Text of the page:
iii) the Respondent’s domain name has been registered and is being used in bad faith.

The Complainant must prove that all the aforesaid three elements are present: (see Cortefiel, S.A. v. Miguel Garcia Quintas WIPO Case No. D2000-0140; Charles Jourdan Holding AG v. AAIM WIPO Case No. D2000-0403; and Ogaan India Private Limited v. Mehboob Alam WIPO Case No. D2000-0720).

6.3 Identical or Confusingly Similar

The Complainant claims rights in KEPPEL BANK. It has not registered these words as a trademark. However on account of long and substantial use of the said name in connection with its banking business, it has acquired rights under the common law.

6.4 Respondent’s Rights or Legitimate Interests in the Domain Name

Under paragraph 4 (c) of the Policy, the Respondent may demonstrate his rights and legitimate interests in the said Domain Name by showing:-

i) his use of, or demonstrable preparations to use, the said Domain Name or a name corresponding to the said Domain Name in connection with a bona fide offering of goods or services before any notice to him of the dispute; or

ii) he (as an individual, business, or other organization) has been commonly known by the said Domain Name, even if he has acquired no trademark or service mark rights; or

iii) he is making a legitimate noncommercial or fair use of the said Domain Name, without intent for commercial gain to misleadingly divert consumers or to tarnish the trademark at issue.

The Panel notes from the Respondent’s e-mail that the Respondent’s registration of the said Domain Name is for the purpose of setting up an online credit application or banking site. However, as to why the words KEPPEL BANK were chosen as the Second Level Domain (SLD), there is no legitimate reason. The Respondent’s e-mail suggests that the online credit application or banking site with the said Domain Name would be used to enable Chinese citizens to obtain US credit card accounts; his intended online activity would be highly marketable in China after its entry into the World Trade Organization; he himself had the intention to learn Chinese over the next few years. The Panel finds it odd that an entrepreneur aiming at an online site to attract Chinese citizens to apply for US credit card accounts would adopt the name of a well-known Singapore bank for its SLD. The Panel further notes that the Respondent, an individual is not commonly known by the said Domain Name. It is reasonable to infer that a banking site which has the said SLD in the said Domain Name, identical in all respects with the trademark of the Complainant and meant for credit or banking transactions, will mislead customers and divert them away from the Complainant.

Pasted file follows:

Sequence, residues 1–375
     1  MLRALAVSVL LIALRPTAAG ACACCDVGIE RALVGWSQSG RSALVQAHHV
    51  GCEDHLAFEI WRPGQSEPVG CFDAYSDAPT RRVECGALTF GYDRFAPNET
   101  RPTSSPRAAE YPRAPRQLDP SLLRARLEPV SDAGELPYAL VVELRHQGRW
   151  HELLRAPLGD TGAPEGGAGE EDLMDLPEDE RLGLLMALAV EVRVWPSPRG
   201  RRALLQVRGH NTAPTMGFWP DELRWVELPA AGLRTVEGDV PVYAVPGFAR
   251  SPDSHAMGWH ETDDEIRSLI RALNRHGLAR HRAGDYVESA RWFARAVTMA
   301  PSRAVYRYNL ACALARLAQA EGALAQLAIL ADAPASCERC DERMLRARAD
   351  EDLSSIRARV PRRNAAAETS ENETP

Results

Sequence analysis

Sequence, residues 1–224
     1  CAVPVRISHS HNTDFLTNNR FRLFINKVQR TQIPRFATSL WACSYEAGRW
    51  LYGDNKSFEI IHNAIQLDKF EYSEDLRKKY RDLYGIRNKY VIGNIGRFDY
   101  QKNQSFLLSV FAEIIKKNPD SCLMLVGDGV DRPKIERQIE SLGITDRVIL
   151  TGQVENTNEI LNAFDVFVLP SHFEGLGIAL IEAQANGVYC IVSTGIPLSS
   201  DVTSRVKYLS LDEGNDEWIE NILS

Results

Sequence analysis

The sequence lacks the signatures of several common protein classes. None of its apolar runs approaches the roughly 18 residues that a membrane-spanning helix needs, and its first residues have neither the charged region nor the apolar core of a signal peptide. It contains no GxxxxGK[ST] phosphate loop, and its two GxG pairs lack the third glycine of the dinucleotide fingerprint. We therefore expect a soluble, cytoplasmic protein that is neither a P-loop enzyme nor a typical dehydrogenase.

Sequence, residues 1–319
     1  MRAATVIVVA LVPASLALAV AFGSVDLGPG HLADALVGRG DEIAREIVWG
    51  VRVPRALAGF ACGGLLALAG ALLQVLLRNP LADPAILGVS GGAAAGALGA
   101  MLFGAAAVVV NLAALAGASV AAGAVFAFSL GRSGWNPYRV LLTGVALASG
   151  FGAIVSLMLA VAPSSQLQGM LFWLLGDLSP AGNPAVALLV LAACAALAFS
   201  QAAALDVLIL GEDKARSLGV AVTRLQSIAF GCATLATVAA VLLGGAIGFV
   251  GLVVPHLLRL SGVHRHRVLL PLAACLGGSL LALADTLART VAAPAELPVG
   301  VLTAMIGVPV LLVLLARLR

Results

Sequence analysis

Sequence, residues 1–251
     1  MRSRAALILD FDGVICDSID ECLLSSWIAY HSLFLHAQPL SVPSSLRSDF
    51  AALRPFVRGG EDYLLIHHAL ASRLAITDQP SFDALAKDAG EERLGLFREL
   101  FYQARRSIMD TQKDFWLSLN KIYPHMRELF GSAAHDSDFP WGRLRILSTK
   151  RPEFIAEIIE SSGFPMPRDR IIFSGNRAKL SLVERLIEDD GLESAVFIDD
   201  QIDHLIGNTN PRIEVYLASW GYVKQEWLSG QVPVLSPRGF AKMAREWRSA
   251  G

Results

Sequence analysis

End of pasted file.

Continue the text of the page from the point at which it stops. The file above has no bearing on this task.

6.5. Registration and Use in Bad Faith

By paragraph 4 (b) of the Policy, the circumstances indicating registration and use of a domain name in bad faith include the registration or acquisition of the domain name primarily for the purpose of selling or transferring the domain name registration to the Complainant, the owner of the trademark, for valuable consideration in excess of his documented out-of-pocket costs directly related to the said Domain Name.

The Respondent’s e-mail was to the effect that a third party was willing to buy the said Domain Name for US$25,000 but the Respondent was giving the option to purchase the said Domain Name to the Complainant. The message in the website of the Respondent also contained an offer to the public at large to sell the said Domain Name at US$15,000. The conduct of the Respondent brings home the fact that he has registered the said Domain Name primarily for sale for a consideration which surpasses the out-of-pocket costs normally incurred for the registration of a domain name. All these indicate bad faith on the part of the Respondent.


7. Decision

The Panel finds that the Complainant has proved each of the three elements of paragraph 4 (a) of the Policy. It requires the said Domain Name to be transferred to the Complainant.



Hariram Jayaram
Sole Panelist

Dated: March 28, 2001